I took some convincing before I joined Twitter, then even more to make use of it properly. In the end, what tipped me into regular usage (read: the slippery slope) was my aim to bring the Asian Australian Studies Research Network into the brave new world of social media. I’d set up the research network’s Facebook group and had some stuff happening there, but realised that ignoring Twitter was silly.
So, I gave it a red hot go…
And now I’m hooked.
There are reams of articles/posts written about the way people form their networks and how Twitter and/or Fb facilitate the process. Constance Wiebrands (@flexnib) echoes my take on it in her post from last December, “Thoughts on Twitter“. While I don’t think enough of my friends are on Twitter (my longest-serving buddies are totally disinterested in things techy *sad face*), I’ve been excited that it has connected me with new batches of people (in personal as well as professional networks) and has become my primary news feed. Yes, my primary newsfeed. I used to surf around The Age‘s website, but no more. All my news now comes from @SBSNews (and other tweeps), often before ‘standard’ news programs and publications.
Also a delightful surprise – this will sound appallingly naive – is the way it has enhanced the blogging-readership-commentary circuit. I’m more likely to follow a new post link in a twit-stream than remember to check my blog’s roll (I can’t abide the compilation feeds – yet another set of passwords, etc). It’s also nice to be able to tweet about a new blog entry and know that at least a handful of people will be interested enough to read it.
Part of the urge to engage with social media on behalf of the research network was to share the masses of information generated by our membership and its activities with a broader range of people. It was fairly depressing spending time updating the website and e-list, and knowing that maybe – maybe – 3-5 people might go and check it out. This problem stems from the ‘closed’ nature of the network, which was part of the founding process’ structure, but that’s a whole other can of worms. Now, I can see the AASRN-specific information that goes out on Twitter hopping across to other streams and media; it garners a much wider audience these days and makes it feel more worthwhile to generate and maintain information/connections.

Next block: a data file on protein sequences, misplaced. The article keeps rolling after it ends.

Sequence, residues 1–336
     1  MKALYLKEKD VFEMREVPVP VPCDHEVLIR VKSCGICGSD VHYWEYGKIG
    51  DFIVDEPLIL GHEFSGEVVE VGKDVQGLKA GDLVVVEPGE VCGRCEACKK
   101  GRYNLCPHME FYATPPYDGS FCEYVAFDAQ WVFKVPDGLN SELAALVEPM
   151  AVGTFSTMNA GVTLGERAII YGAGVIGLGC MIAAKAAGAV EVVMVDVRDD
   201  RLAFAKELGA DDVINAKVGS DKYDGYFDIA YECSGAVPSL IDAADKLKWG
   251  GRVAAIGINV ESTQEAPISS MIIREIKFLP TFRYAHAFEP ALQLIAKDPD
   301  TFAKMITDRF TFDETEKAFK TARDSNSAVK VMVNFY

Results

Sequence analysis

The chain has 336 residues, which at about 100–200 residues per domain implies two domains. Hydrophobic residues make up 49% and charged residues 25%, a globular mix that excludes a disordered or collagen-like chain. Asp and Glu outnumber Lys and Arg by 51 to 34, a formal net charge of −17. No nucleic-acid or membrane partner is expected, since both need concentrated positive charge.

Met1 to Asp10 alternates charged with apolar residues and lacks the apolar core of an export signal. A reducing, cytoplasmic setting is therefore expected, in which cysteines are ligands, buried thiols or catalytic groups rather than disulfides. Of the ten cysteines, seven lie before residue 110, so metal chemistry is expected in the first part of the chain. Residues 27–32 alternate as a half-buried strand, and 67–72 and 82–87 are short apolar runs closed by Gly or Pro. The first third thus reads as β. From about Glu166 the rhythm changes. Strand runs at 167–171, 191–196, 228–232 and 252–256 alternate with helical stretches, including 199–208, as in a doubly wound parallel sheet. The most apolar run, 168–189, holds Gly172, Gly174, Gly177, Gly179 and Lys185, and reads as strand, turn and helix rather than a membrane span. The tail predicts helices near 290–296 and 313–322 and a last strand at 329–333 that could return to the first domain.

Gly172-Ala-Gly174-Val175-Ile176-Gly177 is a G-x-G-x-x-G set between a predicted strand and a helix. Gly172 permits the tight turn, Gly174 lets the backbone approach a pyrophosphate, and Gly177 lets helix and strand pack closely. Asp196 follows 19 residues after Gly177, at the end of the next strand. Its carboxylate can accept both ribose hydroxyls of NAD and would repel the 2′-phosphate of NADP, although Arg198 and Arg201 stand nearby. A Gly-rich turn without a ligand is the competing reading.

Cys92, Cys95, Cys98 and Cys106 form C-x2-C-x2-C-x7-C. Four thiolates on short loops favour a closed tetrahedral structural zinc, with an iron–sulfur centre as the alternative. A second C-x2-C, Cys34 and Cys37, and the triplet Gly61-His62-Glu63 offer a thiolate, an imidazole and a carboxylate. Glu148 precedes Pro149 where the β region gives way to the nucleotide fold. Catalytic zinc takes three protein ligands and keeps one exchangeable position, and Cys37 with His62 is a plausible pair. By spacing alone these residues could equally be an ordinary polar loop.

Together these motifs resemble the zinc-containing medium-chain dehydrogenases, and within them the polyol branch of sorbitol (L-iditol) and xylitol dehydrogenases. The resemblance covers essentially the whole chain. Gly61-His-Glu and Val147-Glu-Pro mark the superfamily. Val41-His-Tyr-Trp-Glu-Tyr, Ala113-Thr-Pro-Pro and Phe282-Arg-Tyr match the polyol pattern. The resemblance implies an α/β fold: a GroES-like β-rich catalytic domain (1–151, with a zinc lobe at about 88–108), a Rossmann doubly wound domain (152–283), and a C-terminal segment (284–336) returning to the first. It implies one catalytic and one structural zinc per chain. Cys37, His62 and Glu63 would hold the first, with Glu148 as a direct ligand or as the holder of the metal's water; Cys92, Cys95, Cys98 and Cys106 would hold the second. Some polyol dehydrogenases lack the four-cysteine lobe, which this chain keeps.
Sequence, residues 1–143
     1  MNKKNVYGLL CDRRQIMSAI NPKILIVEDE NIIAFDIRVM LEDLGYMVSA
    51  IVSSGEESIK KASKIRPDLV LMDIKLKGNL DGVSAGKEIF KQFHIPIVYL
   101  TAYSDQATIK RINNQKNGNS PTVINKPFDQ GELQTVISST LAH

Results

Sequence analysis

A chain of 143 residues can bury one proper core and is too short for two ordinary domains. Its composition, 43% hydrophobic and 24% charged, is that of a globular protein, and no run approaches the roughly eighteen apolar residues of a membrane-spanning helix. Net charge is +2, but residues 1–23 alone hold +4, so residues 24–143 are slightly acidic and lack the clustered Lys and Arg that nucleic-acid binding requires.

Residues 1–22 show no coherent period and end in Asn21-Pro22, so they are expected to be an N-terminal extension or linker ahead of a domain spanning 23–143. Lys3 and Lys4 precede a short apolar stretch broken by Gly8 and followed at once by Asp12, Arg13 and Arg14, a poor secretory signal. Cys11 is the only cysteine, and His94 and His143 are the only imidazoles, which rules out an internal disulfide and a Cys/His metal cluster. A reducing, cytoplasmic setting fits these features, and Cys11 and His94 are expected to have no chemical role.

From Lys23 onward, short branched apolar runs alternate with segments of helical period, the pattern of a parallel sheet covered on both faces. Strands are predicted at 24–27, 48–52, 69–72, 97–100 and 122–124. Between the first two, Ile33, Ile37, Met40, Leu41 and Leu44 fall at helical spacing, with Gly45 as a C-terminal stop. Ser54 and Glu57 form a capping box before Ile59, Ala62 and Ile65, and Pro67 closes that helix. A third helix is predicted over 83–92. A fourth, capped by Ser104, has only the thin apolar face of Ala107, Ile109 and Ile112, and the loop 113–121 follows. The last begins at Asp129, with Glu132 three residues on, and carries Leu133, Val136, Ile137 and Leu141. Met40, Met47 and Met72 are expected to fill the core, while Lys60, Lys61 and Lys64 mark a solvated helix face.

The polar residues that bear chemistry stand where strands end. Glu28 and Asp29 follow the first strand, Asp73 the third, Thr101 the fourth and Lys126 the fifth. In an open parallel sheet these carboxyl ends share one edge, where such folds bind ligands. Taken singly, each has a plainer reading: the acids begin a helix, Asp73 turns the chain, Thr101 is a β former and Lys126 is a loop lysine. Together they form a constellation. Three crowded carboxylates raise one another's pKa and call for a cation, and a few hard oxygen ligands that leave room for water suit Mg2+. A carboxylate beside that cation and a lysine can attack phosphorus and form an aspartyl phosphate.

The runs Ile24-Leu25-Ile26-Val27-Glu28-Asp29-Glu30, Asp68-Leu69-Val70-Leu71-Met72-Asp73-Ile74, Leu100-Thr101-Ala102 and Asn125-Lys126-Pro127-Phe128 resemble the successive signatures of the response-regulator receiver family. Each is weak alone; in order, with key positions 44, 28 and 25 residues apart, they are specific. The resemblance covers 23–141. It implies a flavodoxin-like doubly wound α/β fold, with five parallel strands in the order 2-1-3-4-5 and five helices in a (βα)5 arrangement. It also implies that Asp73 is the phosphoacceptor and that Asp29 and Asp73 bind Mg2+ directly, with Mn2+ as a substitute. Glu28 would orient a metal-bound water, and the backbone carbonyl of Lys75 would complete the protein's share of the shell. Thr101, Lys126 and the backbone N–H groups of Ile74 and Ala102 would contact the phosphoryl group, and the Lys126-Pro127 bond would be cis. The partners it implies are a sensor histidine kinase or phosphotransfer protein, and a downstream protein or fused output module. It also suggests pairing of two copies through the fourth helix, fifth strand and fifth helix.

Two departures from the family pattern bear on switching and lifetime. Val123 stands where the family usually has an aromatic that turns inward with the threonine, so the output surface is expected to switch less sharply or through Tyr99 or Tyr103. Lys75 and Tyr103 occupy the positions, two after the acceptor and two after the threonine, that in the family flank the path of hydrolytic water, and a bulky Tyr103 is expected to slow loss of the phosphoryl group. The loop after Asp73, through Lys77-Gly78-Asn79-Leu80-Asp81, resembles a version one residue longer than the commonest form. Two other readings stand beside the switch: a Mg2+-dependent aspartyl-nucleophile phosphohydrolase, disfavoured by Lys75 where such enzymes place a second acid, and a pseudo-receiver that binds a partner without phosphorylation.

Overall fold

Finally, Constance notes in her 4th point that she likes knowing what the weather’s like around the world and, more specifically, that “learning about others’ workdays, family, illness, stress, joys, accomplishments – this is not trivial”. I used to spout that cliche about how useless Twitter was because, wasn’t it just people tweeting about what they had for lunch?! Well, ahem…now I find that people telling me what they had for breakfast, lunch, dinner, snacks, supper, whatever, is FAB. I love it. I also love the number of people who tweet about meal prep, hunting certain foods, favourite markets/finds – the whole gamut of sharing food, heritage and ethics. At a time in my life when I don’t get the pleasure of much ‘everydayness’ with buddies and colleagues because of domestic commitments, it’s a dose of social familiarity that keeps me happy.